The Opinions – Rishonim and the Shulchan Aruch with its Commentaries

The Meiri (Shabbat 23) records the debate among Rishonim whether Nerot Chanukah should be lit before or after Havdalah.  The Meiri writes that the custom is his locale is to light Nerot Chanukah first.  His explanation is that on Motzai Shabbat, we light Nerot Chanukah after the optimal time (see last week’s essay).  The Meiri explains that we wish to light Chanukah lights as early as we can, to minimize the amount of time that we must light Nerot Chanukah after its ideal time.  On the other hand, the Terumat Hadeshen (number 60) and other Rishonim rule that in the synagogue one should light Nerot Chanukah first because of the rule of Afukei Yoma Meacharinan.  Another reason offered is the priority accorded to Ner Chanukah because of its role to publicize the miracle.

On the other hand, the Raavad (Temim Deim 174) and a number of other Rishonim rule that Havdalah should be recited first.  Among the reasons these Rishonim offer is the principle of Tadir Usheino Tadir Tadir Kodem and that it is inappropriate to light the Chanukah light before reciting the blessing on light within the framework of Havdalah. 

The Shulchan Aruch (Orach Chaim 681:2) rules that Chanukah lights should be kindled in Shul before Havdalah.  The Rama (ibid.) adds that one should also light Nerot Chanukah before reciting Havdalah at home.  The Taz (O.C. 681:1) argues vigorously and at great length, that one should first say Havdalah when lighting at home.  The Taz emphasizes the importance of the rule of Tadir Usheino Tadir, Tadir Kodem, noting that this rule is of biblical origin. 

The Taz seeks to prove from various passages in the Gemara that the Tadir rule enjoys precedence over the principle of Afukei Yoma Meacharinan.  Moreover, the Taz argues that one does not extend Shabbat by lighting Chanukah candles first, because kindling Nerot Chanukah is forbidden on Shabbat.  The reason for Afukei Yoma is that we do not want to treat Shabbat as a burden that we are eager to shed.  However, when one lights Ner Chanukah he has, by definition, completed Shabbat.  Thus, one does not accomplish Afukei Yoma Meacharinan by lighting Nerot Chanukah before Havdalah.  This, explains the Taz, is what distinguishes Nerot Chanukah from Sefirat Haomer and Megila reading.  The latter two activities are not forbidden to perform on Shabbat and thus one legitimately delays the termination of Shabbat by performing these Mitzvot first.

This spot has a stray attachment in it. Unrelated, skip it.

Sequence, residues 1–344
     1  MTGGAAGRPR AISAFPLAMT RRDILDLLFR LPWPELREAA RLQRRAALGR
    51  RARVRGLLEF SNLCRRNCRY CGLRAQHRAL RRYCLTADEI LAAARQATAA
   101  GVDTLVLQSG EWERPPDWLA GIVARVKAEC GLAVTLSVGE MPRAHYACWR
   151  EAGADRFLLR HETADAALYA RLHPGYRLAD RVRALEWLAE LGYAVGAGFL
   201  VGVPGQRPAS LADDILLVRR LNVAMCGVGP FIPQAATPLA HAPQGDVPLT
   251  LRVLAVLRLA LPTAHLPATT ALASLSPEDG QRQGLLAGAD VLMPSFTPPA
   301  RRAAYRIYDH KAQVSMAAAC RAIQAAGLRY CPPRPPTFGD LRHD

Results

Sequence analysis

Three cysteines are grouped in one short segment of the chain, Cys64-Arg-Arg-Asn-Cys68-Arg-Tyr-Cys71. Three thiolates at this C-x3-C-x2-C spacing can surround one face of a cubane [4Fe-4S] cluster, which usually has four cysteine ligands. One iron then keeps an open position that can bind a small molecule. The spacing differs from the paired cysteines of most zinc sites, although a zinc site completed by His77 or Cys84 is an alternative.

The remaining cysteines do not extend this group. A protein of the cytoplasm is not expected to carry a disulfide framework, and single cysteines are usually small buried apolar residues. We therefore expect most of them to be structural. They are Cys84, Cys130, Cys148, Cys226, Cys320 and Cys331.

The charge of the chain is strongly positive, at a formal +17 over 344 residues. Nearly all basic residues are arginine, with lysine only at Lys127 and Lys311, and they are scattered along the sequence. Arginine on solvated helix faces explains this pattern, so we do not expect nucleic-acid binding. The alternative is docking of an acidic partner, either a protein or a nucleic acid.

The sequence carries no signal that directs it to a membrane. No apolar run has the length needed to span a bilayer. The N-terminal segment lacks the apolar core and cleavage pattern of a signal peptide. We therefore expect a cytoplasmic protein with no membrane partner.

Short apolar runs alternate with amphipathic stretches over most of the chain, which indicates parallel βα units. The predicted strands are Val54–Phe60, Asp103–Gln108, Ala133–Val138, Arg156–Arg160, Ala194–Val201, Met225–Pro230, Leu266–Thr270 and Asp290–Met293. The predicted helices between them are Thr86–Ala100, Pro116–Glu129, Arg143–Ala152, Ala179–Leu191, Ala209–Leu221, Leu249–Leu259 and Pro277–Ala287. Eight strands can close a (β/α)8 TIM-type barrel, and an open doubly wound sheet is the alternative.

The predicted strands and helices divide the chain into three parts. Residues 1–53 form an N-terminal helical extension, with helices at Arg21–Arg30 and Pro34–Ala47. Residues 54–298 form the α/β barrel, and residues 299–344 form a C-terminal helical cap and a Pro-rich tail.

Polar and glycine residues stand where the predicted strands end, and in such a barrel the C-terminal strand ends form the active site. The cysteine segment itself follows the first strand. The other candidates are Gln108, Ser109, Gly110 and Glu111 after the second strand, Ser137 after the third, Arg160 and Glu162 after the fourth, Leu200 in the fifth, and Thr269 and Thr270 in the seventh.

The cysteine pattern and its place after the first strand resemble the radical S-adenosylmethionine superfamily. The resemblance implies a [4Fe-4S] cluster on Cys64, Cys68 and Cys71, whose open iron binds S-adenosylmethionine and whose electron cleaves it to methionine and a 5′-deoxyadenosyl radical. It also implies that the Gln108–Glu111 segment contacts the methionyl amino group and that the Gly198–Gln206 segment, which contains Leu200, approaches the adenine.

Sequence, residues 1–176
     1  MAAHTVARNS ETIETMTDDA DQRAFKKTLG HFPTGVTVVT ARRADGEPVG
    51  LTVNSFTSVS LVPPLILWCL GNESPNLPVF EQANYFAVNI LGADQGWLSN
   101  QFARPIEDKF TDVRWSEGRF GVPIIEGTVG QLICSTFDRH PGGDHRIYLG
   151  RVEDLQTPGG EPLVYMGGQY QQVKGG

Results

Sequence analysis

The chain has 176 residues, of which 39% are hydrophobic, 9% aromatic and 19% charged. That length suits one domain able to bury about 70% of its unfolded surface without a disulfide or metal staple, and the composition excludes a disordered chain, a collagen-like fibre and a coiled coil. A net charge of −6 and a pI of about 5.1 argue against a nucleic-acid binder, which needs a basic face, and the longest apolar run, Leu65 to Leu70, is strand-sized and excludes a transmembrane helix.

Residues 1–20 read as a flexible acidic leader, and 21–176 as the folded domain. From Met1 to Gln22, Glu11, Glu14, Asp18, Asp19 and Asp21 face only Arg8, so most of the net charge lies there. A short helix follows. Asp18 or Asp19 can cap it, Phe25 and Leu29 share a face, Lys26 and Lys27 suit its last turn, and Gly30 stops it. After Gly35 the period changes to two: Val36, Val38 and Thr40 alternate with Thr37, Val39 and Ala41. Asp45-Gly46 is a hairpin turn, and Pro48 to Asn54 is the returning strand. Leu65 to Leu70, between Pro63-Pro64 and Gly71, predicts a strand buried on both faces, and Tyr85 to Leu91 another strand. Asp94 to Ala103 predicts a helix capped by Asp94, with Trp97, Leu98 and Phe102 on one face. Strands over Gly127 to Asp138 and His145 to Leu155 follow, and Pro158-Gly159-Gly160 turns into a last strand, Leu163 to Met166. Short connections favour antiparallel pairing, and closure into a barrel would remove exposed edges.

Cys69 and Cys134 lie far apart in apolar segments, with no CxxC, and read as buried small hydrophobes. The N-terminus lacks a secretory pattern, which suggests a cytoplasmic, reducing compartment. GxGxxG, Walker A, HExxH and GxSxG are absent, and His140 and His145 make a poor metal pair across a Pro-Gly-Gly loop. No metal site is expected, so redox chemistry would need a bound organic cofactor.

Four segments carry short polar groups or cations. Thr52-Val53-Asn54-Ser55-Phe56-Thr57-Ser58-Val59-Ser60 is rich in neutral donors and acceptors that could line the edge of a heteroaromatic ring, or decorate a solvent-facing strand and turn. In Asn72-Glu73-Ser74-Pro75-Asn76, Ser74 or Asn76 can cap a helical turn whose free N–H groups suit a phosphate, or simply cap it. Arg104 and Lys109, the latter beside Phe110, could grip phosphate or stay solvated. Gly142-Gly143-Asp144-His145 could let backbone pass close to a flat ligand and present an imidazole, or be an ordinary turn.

Acharonim and Later Codes

The accepted practice for Shul is to light Chanukah lights and subsequently perform Havdalah (Biur Halacha 681 s.v. Madlikin and Ben Ish Chai Parshat Vayeshev 21).  In Shul, only one person kindles the Chanukah candles.  Thus, when we light Chanukah candles first in Shul, Shabbat is prolonged for everyone except for the one who lit the Chanukah lights.  Moreover, the Aruch Hashulchan (O.C. 681:2) explains that since great “publicity of the Chanukah miracle” occurs when lighting Chanukah lights in Shul, there is more reason to light Nerot Chanukah first in Shul than there is at home.  Thus, the consensus accepts that Shul Chanukah lighting enjoys priority over Havdalah.  The debate, however, about what to do at home continued to rage during the period of the Acharonim.  The Vilna Gaon, Eliyahu Rabba, Chamad Moshe, Bait Meir, and Chayei Adam rule in accordance with the Rama.  The Maharal of Prague, Pri Chadash, and Tosafot Yom Tov side with the Taz. 

The later Acharonim encountered difficulty in resolving this debate.  The Mishna Berura (681:3) concludes that this dispute remains unresolved and therefore one may follow either opinion.  Sefardic authorities (Ben Ish Chai, Parshat Vayeshev 21 and Rav Ovadia Yosef, Teshuvot Yechave Daat 1:75) rule that at home one recite Havdalah and subsequently kindle Chanukah lights.  Various communities had accepted practices regarding how to resolve this debate.  Rav David Zvi Hoffman (Teshuvot Melamed Lehoil 1:122) records that the Minhag in Germany was to follow the Taz and perform Havdalah first.  The Aruch Hashulchan (O.C. 681:2) writes that the practice in Lithuania was to perform Havdalah first, unless he heard Havdalah in Shul.


The debate whether lighting Chanukah candles or reciting Havdalah comes first has been partially resolved.  The accepted practice for Shul is to light Chanukah candles first.  The question regarding what to do at home has not been resolved (accept for Sefardim who recite Havdalah first).  One should consult with his Rav for guidance.  One should also consult with parents or family elders to see if there is a specific tradition regarding this issue in his family.